Vertex Pharmaceuticals (VRTX 0.20%) released fourth-quarter earnings last week, although its product revenue numbers were already known since the preliminary numbers were released last month ahead of the JP Morgan Healthcare Conference.

Here's a rundown of how the biotech fared.

Vertex Pharmaceuticals results: The raw numbers


Q4 2015 Actuals

Q4 2014 Actuals

Growth (YOY)


$418 million

$145 million


Earnings From Continuing Operations

($76 million)

($181 million)


Earnings Per Share




What happened with Vertex Pharmaceuticals this quarter?

  • In its first full quarter on the market, Vertex's new cystic fibrosis drug, Orkambi, registered sales of $220 million, surpassing Kalydeco's $181 million.
  • While it's now playing second fiddle its smaller potential market size, Kalydeco is still growing. Sales were up 45% year over year in the fourth quarter, thanks to approvals in additional patient populations and additional reimbursements increasing the number of patients with cystic fibrosis that are eligible for treatment.
  • Orkambi is currently approved to treat patients 12 years and older, but Vertex is looking to expand the potential market, recently releasing data in children ages six to 11 showing that Orkambi is safe in that population and improved lung function.


What management had to say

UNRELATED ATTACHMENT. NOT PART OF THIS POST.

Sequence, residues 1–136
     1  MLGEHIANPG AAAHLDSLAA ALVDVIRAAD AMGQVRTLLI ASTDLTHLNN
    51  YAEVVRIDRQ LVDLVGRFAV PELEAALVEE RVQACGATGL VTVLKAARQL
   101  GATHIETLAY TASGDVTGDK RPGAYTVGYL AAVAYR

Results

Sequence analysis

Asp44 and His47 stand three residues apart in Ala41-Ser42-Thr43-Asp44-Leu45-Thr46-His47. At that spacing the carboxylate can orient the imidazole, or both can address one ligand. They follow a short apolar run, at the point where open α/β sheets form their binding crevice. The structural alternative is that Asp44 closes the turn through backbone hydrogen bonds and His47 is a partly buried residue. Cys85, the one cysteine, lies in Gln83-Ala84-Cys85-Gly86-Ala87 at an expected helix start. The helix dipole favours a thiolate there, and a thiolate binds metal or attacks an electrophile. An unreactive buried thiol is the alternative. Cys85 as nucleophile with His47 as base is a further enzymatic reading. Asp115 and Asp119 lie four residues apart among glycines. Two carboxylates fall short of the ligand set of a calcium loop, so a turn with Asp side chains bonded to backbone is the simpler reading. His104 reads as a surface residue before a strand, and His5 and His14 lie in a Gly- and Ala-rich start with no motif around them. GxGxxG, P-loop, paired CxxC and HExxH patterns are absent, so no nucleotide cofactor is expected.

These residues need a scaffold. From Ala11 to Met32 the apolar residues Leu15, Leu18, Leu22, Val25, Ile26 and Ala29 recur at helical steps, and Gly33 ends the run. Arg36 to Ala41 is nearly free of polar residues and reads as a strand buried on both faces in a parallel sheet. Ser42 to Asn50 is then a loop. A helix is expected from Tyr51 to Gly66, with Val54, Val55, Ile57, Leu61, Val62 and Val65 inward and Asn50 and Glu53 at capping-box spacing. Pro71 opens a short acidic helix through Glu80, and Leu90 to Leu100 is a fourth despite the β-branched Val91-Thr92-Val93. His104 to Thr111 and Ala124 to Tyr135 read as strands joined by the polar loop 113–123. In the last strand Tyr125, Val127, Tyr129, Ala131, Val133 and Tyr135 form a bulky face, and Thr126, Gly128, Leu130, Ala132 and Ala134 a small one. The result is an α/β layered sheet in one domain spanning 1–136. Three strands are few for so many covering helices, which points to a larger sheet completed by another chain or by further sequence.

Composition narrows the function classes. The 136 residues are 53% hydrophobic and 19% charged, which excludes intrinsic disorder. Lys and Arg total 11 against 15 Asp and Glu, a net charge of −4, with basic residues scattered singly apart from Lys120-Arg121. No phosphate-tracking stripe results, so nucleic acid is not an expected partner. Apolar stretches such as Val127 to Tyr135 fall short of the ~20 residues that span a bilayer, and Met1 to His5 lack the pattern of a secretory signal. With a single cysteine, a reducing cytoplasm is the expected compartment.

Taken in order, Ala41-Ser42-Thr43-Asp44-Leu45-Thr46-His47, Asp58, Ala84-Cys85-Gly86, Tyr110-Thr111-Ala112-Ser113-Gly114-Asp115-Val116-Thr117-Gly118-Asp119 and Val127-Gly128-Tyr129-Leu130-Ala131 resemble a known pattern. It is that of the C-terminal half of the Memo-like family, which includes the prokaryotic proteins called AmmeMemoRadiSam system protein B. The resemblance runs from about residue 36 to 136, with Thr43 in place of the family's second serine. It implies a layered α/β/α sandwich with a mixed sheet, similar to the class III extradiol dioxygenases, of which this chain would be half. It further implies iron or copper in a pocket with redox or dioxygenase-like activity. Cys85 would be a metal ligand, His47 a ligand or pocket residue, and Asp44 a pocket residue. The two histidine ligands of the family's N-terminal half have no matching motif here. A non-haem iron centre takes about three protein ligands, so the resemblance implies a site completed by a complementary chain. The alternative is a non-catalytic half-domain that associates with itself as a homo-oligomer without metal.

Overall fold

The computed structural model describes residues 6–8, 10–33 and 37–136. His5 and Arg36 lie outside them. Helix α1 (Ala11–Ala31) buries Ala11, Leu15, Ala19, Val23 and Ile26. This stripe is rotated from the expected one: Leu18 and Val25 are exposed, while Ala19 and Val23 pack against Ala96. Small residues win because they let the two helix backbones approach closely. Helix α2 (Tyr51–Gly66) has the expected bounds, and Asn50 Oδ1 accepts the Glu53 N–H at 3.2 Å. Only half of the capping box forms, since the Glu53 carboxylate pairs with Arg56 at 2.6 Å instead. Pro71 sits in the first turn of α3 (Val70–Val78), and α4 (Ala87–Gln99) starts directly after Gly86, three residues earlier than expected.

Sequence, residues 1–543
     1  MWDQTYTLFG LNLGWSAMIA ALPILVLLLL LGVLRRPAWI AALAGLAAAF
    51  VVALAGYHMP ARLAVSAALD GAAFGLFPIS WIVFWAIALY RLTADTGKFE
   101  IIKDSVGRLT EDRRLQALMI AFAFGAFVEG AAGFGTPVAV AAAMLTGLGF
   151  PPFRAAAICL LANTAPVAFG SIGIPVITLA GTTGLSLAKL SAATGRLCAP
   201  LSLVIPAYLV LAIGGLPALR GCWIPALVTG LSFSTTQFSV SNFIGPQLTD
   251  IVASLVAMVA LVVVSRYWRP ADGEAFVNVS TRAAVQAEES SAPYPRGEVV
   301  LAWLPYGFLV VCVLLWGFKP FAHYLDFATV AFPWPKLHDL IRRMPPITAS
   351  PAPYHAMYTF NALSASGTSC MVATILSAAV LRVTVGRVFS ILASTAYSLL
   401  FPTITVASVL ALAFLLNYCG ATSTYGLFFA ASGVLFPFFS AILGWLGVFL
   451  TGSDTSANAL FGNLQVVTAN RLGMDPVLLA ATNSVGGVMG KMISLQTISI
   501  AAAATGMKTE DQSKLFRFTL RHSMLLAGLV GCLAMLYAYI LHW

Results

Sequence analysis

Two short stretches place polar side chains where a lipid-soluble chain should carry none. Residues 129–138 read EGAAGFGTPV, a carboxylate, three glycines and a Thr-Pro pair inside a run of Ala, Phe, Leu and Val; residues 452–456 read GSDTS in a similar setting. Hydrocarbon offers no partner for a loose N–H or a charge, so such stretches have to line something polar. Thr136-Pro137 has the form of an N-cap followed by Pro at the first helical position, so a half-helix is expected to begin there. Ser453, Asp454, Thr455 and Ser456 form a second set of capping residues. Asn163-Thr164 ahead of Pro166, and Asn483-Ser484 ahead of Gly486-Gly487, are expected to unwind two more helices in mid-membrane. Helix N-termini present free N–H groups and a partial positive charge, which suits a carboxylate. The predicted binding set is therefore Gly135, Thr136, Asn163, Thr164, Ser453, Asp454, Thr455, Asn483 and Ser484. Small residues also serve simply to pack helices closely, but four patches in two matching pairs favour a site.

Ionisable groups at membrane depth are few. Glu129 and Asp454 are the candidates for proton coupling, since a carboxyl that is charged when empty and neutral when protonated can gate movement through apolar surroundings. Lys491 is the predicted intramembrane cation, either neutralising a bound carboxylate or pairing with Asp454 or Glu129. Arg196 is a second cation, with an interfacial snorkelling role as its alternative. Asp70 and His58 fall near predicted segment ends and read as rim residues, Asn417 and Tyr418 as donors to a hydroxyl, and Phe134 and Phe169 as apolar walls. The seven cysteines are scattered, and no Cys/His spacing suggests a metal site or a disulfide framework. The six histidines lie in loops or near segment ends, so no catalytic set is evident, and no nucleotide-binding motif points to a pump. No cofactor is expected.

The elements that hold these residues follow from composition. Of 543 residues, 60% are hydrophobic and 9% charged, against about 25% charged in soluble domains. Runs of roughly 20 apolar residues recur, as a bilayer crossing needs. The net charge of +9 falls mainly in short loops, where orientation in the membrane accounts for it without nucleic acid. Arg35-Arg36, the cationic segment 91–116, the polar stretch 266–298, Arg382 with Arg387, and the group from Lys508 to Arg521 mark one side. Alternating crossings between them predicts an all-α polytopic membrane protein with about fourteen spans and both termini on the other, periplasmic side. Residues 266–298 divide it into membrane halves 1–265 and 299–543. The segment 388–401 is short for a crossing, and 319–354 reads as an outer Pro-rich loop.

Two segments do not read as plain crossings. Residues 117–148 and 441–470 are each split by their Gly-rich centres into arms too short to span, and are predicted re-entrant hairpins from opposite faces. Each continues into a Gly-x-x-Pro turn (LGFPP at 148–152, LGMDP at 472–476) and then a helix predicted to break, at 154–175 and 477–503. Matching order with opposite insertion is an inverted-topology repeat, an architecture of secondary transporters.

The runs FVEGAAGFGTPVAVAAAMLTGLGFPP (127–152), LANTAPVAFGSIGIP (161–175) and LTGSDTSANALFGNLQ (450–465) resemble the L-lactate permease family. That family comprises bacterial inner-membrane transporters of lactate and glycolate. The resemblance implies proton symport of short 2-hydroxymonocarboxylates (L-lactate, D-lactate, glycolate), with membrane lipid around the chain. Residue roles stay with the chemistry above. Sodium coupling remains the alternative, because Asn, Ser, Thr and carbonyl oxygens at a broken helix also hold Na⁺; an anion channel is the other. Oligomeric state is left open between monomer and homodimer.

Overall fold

"More than 1,500 patients" started Orkambi in the fourth quarter, which is a slowdown from the "more than 3,000 people" who started the therapy in the third quarter, according to CFO Ian Smith. "We expect this trend to continue through the end of 2016, by which time we expect the vast majority of the 8,500 eligible patients in the U.S. to have initiated treatment with Orkambi," he explained.

"These four factors -- the compliance rate, the rate at which patients begin treatment, the total number of patients who initiate treatment, and the persistence rate -- all are important in considering our guidance for Orkambi," Smith said. Unfortunately, patients haven't been on the drug long enough for management to accurately guess the compliance rate -- how often patients take their drug as prescribed -- and the persistence rate -- how long patients stay on the drug before going off it. Vertex has some control of the other two, with its sales force trying to capture the remaining patients not currently on the drug.

Looking forward
Management gave 2016 guidance predicting sales for Kalydeco in the $670 million to $690 million range, which is actually below the fourth-quarter run rate. The discrepancy can be explained by the approximately 200 patients who will be in a phase 3 trial testing a new combination therapy this year, and therefore won't have to pay for the medication.

But sales of Kalydeco could increase substantially from here since the drug is up for an FDA approval to treat an additional 1,500 people ages two and older in the U.S. with cystic fibrosis who have certain residual function mutations. Kalydeco is currently approved to treat 4,000 patients worldwide, so the additional approval could keep Kalydeco's sales growth chugging along.

Management decided not to offer sales guidance for Orkambi, which seems reasonable given the uncertainties noted above. Germany will be the only country in Europe where Vertex will see significant sales in 2016, so there should be plenty of accelerated growth in 2017 as Vertex finalizes reimbursement in the other European countries.

There's also the possibility of increasing the number of patients able to be treated with Orkambi stateside. The aforementioned data in children ages six to 11 will be submitted to the FDA in the second quarter of this year. In Europe, an ongoing phase 3 trial will be required to get Orkambi approved for this age group.